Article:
Here, that security measure has been decentralized. We are inspected every morning when we leave the hotel and before we get on the bus. Our credentials are scanned into a computer system that OKs the bar code.
No gray plastic bins to place our watches, cell phones and other metallic objects. A young man hands me a tray covered in a red-and-yellow velour doily. He brings my belongings to me after I cross the metal detector. I can bring water on the bus, but first I must take a sip … now, that’s something the TSA should consider. It’s all very quaint. It’s icily effective.
The bus is thus a secure missile driving along the freeway to the very secure Olympic Green that is easy to get into, but almost impossible to get out of.
When it comes to security, the Internet is another matter. You’ve read about how Amnesty International’s site was blocked for a while. A key Darfur advocate site remains unavailable to me.
But little ol’ me has set up my own website. www.jayweiner.com. It’s aggregating my MinnPost work and other stories for a few other national outlets.
Guess what. My site is blocked here in China.
I can Google Tiananmen Square and see photos of that “Tank Man,” the most iconic democracy site of all. But I can’t get to my own darn website with a few Olympic stories.
They must know about me.
They talk a lot about “harmony” here. The slogan of the Games is “One World, One Dream.”
There is every reason to be cynical about this political and corporate bacchanal. Not everyone is thrilled about having the Olympics here.
It’s surely a monument to globalization as companies buy into the Games to affiliate with the Olympic “brand” and expand their businesses here.
Absolutely, it’s a political event. About 80 heads of state are expected here Friday for the Opening Ceremony, as many as have gathered for any event of any kind ever, we’re being told. We know about Tibet and Darfur and human rights and press freedom and environmentalism.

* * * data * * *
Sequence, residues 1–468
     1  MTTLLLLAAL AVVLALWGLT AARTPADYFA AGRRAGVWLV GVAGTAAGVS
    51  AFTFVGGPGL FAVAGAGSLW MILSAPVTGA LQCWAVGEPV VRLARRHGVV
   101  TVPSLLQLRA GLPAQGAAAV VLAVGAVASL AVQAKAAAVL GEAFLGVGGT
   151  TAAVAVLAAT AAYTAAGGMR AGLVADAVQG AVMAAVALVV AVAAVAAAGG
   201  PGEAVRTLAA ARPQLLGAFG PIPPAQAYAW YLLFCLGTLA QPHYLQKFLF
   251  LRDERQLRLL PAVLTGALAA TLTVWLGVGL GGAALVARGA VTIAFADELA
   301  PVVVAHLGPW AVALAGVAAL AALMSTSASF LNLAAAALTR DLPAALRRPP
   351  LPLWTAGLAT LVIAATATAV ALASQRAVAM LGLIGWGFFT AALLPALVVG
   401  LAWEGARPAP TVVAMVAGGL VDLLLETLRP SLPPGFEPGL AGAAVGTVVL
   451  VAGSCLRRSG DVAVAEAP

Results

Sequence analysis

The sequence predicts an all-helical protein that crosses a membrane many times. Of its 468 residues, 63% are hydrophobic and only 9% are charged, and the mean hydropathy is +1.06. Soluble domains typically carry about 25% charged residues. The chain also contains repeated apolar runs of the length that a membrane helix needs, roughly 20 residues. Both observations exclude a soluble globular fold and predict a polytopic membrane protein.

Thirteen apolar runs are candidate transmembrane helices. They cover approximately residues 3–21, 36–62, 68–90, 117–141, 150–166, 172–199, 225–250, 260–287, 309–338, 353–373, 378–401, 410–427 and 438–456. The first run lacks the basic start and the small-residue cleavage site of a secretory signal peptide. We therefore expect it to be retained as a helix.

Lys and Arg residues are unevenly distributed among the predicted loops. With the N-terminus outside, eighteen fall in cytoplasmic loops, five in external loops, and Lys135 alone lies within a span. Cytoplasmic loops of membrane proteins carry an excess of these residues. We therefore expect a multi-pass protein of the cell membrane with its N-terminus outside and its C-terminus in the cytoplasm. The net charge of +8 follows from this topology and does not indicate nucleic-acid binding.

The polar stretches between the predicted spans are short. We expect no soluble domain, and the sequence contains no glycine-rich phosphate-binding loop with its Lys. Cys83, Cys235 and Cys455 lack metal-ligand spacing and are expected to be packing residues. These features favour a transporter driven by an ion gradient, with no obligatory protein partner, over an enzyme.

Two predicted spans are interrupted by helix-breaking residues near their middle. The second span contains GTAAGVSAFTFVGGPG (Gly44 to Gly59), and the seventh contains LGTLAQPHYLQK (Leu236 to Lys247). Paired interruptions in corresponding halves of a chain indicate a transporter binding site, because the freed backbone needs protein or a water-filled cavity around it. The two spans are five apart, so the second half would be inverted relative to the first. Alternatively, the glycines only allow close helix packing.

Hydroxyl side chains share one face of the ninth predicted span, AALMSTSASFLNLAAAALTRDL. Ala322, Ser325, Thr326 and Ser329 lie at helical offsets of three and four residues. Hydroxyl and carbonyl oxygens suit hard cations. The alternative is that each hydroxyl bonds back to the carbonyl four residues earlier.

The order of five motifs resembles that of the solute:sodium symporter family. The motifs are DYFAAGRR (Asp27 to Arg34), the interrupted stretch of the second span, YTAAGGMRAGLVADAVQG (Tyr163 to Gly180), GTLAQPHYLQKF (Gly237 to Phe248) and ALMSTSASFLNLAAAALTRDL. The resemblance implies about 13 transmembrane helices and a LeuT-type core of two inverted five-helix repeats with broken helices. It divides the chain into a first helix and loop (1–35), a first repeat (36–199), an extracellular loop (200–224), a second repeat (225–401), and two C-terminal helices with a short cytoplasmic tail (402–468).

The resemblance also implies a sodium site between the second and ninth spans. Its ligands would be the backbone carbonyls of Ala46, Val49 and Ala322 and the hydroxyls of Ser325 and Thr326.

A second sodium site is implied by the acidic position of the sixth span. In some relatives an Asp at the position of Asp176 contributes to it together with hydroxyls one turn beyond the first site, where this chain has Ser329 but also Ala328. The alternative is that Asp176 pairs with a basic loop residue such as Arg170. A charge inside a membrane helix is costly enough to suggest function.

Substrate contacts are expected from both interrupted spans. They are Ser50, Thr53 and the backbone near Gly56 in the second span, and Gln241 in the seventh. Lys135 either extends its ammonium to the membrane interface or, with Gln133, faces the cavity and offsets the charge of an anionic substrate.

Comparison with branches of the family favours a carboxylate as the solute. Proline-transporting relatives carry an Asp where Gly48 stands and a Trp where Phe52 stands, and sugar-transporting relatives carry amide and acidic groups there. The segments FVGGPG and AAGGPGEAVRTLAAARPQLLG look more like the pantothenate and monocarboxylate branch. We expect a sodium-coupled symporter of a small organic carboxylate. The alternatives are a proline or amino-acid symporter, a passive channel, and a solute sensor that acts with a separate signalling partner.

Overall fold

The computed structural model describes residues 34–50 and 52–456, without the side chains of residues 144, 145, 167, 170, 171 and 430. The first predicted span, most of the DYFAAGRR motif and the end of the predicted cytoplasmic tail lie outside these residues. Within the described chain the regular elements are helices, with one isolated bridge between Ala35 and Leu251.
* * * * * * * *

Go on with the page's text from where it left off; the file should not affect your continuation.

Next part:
Still, two days ago, the China Daily, the official English language newspaper, reported that Chinese President Hu Jintao said, “It is inevitable that people hold divergent views, but politicizing the Olympics will not solve the problems.”
(To which I say, “What about my #%@ website, Mr. Hu?!”)
The Olympics are a political animal. Iraq’s team was almost barred. The International Olympic Committee prohibits political demonstrations by athletes in venues. China spent $40 billion to stage these Games. There was a truck bomb attack in Western China the other day, allegedly conducted by Muslim Turkic militants. This ain’t no typical sporting event.
But often, during a 17-day festival of mega- and unknown sports, all of that gets reduced to simple human exchanges. I’m not saying politics are eliminated. I’m just saying there’s no way they can dominate an event’s life for three weeks. It would be too tiring.
Today I had to travel into the financial district for an interview. The directions were a bit complicated. The man I interviewed emailed me his address and directions Monday. I stored them in my iPhone, which is receiving emails pretty well.
I showed the directions to the taxi driver. He read them, nodded and then zoomed toward the ancient but redone wilds of Beijing, with its hazy skies and its gleaming skyscrapers. In our modern world, communication is a marvelous thing.
Jay Weiner has covered every Winter and Summer Olympics since 1984.